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Suppression of enteroendocrine cell glucagon-like peptide (GLP)-1 release by fat-induced small intestinal ketogenesis: a mechanism targeted by Roux-en-Y gastric bypass surgery but not by preoperative very-low-calorie diet
  1. Ville Wallenius1,2,
  2. Erik Elias1,3,
  3. Erik Elebring1,
  4. Bauke Haisma4,
  5. Anna Casselbrant1,
  6. Pierre Larraufie4,
  7. Emma Spak1,
  8. Frank Reimann4,
  9. Carel W le Roux5,
  10. Neil G Docherty5,
  11. Fiona M Gribble4,
  12. Lars Fändriks1
  1. 1Department of Gastrosurgical Research and Education, Institute of Clinical Sciences, Sahlgrenska Academy, Sahlgrenska University Hospital/Sahlgrenska, University of Gothenburg, Gothenburg, Sweden
  2. 2Department of Surgery, Institute of Clinical Sciences, Sahlgrenska Academy, Sahlgrenska University Hospital/Östra, University of Gothenburg, Gothenburg, Sweden
  3. 3Department of Surgery, Institute of Clinical Sciences, Sahlgrenska Academy, Sahlgrenska University Hospital/Sahlgrenska, University of Gothenburg, Gothenburg, Sweden
  4. 4Metabolic Research Laboratories, University of Cambridge, Cambridge, UK
  5. 5Diabetes Complications Research Centre, Conway Institute, University College of Dublin, Dublin, Ireland
  1. Correspondence to Dr Ville Wallenius, Dept of Gastrosurgical Research and Education, University of Gothenburg Sahlgrenska Academy, Gothenburg SE-413 45, Sweden; ville.wallenius{at}


Objective Food intake normally stimulates release of satiety and insulin-stimulating intestinal hormones, such as glucagon-like peptide (GLP)-1. This response is blunted in obese insulin resistant subjects, but is rapidly restored following Roux-en-Y gastric bypass (RYGB) surgery. We hypothesised this to be a result of the metabolic changes taking place in the small intestinal mucosa following the anatomical rearrangement after RYGB surgery, and aimed at identifying such mechanisms.

Design Jejunal mucosa biopsies from patients undergoing RYGB surgery were retrieved before and after very-low calorie diet, at time of surgery and 6 months postoperatively. Samples were analysed by global protein expression analysis and Western blotting. Biological functionality of these findings was explored in mice and enteroendocrine cells (EECs) primary mouse jejunal cell cultures.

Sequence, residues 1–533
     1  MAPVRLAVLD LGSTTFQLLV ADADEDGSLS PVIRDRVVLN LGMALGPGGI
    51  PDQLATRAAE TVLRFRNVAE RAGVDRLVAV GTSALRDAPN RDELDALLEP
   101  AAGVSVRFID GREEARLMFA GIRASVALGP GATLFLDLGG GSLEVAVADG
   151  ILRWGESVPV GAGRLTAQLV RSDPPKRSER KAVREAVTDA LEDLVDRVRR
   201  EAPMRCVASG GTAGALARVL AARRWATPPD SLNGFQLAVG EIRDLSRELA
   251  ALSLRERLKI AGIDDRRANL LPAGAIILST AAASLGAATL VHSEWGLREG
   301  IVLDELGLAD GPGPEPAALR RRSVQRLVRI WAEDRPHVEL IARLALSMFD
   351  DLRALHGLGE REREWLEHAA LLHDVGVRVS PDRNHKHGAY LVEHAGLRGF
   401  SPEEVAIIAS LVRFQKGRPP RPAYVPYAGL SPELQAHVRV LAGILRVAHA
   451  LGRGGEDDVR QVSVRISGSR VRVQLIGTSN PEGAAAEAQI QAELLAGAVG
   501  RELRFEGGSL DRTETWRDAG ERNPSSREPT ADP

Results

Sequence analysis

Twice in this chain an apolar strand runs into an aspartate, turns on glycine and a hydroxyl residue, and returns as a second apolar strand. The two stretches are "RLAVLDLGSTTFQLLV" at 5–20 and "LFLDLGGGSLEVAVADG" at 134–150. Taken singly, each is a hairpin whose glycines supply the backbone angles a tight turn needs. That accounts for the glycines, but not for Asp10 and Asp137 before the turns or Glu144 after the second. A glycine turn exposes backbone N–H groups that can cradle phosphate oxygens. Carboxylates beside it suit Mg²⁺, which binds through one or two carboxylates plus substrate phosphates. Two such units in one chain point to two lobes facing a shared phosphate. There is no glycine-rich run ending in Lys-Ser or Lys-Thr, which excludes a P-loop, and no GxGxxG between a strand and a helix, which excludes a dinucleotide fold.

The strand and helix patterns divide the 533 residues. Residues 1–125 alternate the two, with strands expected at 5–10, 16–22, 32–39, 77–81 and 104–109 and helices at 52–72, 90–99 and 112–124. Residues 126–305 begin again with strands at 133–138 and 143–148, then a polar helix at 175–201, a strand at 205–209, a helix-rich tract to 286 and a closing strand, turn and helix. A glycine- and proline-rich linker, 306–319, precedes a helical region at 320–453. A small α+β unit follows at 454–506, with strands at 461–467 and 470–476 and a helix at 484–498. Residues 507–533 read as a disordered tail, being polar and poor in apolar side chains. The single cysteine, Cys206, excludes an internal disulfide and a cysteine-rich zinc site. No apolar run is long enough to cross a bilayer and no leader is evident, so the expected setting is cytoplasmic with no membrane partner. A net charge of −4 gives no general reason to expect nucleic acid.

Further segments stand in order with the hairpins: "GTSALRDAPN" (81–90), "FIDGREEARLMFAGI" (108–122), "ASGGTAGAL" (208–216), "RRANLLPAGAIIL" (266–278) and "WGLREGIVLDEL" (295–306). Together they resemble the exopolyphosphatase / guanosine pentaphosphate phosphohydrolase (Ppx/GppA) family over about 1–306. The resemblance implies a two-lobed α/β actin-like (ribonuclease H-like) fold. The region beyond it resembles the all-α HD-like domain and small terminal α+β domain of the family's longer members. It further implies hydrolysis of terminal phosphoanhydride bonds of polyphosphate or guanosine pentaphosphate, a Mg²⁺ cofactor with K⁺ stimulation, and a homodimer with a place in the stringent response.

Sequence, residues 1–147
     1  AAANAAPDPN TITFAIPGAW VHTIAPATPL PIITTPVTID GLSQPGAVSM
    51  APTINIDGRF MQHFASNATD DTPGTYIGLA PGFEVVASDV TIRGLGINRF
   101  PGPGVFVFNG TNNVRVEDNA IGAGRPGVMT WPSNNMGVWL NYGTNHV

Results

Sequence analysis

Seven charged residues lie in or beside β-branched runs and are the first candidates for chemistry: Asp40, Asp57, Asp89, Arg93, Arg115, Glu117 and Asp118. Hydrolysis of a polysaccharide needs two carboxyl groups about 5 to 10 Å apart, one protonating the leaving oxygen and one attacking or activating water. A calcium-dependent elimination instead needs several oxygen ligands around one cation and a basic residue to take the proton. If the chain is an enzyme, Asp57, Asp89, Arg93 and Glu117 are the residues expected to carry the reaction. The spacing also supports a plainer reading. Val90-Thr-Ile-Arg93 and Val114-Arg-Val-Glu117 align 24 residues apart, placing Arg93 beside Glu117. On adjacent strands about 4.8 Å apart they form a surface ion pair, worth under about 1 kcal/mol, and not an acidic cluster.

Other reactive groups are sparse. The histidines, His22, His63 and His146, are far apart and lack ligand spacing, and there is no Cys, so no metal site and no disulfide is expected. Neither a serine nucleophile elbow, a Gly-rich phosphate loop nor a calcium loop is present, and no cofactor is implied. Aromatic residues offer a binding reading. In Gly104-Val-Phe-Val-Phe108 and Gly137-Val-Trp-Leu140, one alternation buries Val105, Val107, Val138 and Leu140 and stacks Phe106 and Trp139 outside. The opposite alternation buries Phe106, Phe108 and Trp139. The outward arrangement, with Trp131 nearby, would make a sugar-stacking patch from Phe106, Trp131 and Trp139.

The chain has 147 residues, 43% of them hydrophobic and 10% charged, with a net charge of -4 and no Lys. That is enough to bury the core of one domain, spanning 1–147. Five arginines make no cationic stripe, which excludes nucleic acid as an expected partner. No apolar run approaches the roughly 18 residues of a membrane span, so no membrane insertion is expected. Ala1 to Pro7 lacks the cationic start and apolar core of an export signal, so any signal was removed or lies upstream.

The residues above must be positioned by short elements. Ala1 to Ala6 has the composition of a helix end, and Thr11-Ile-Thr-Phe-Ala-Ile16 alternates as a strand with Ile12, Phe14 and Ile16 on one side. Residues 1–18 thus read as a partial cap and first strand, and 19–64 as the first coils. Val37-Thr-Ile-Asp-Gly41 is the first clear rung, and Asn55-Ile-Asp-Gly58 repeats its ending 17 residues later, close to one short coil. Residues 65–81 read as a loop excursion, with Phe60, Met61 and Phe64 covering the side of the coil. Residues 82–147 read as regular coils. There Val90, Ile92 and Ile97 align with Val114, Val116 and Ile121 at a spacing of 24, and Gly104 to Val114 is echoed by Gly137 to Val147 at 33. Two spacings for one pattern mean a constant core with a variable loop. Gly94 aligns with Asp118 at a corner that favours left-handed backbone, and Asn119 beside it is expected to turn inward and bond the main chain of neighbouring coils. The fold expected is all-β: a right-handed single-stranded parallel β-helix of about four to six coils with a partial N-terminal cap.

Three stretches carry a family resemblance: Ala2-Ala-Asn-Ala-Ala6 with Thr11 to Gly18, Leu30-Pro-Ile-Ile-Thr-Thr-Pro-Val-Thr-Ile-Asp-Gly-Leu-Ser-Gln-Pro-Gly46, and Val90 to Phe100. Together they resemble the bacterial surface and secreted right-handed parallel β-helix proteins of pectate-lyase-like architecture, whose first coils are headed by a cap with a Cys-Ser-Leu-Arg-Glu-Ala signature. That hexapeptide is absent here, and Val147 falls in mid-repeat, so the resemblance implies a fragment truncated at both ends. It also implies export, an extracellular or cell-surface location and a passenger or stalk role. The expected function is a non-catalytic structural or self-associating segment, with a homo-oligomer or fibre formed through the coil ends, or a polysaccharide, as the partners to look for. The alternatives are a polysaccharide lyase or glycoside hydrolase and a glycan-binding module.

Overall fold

Results The most prominent change found after RYGB was decreased jejunal expression of the rate-limiting ketogenic enzyme mitochondrial 3-hydroxy-3-methylglutaryl-CoA synthase (mHMGCS), corroborated by decreased ketone body levels. In mice, prolonged high-fat feeding induced the expression of mHMGCS and functional ketogenesis in jejunum. The effect of ketone bodies on gut peptide secretion in EECs showed a ∼40% inhibition of GLP-1 release compared with baseline.

Conclusion Intestinal ketogenesis is induced by high-fat diet and inhibited by RYGB surgery. In cell culture, ketone bodies inhibited GLP-1 release from EECs. Thus, we suggest that this may be a mechanism by which RYGB can remove the inhibitory effect of ketone bodies on EECs, thereby restituting the responsiveness of EECs resulting in increased meal-stimulated levels of GLP-1 after surgery.

  • obesity surgery
  • glucagen-like peptides
  • small bowel
  • diabetes mellitus
  • enterocyte biology

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  • Contributors Study concept and design: VW, LF, ES, AC, EElias. Acquisition of data: VW, EElias, BH, AC, PL, FR, FMG. Analysis and interpretation of data: VW, EElias, EElebring, BH, PL, FR, CLR, ND, FMG, LF. Drafting of the manuscript: VW, EElebring, LF. Critical revision of the manuscript: AC, EElias, PL, FR, CLR, ND, FMG. Statistical analysis: VW, EElias, EElebring, BH, PL, FR, FMG.

  • Funding This study was funded by the following grants: ALFGBG-673931 from the Western Region of Sweden, grants from Erik and Lily Philipson memorial foundation, MRC [MRC_MC_UU_12012/3 and MRC_MC_UU_12012/5], Wellcome Trust [106262/Z/14/Z, 106263/Z/14/Z, 100574/Z/12/Z].

  • Competing interests VW reports grants from Western Region of Sweden, grants from Erik and Lily Philipson memorial foundation. FMG is a paid consultant for Kallyope, New York. The Gribble-Reimann lab hosts projects which receive funding from Medimmune/AstraZeneca (FMG/FR). CLR reports research grants from Science Foundation Ireland, and the Health Research Board, Ireland, during the conduct of the study; other from Novo Nordisk, other from GI Dynamics, personal fees from Eli Lilly, grants and personal fees from Johnson and Johnson, personal fees from Sanofi Aventis, personal fees from Astra Zeneca, personal fees from Janssen, personal fees from Bristol-Myers Squibb, personal fees from Boehringer-Ingelheim outside of the submitted work.

  • Patient consent for publication Obtained

  • Ethics approval This study was approved by the Regional Ethics Review Board of Gothenburg, approval numbers 193–02, 647–05 and 007–09, and performed in accordance with the Declaration of Helsinki. All animal procedures were approved by the animal ethics committee of the University of Gothenburg, approval numbers 90–2007 and 246–2009, or according toUK Home Office project license 70/7824 and local regulations (Animals (Scientific Procedures) Act 1986 Amendment Regulations SI 2012/3039).

  • Provenance and peer review Not commissioned; externally peer reviewed.

  • Data availability statement All data relevant to the study are included in the article or uploaded as supplementary information.

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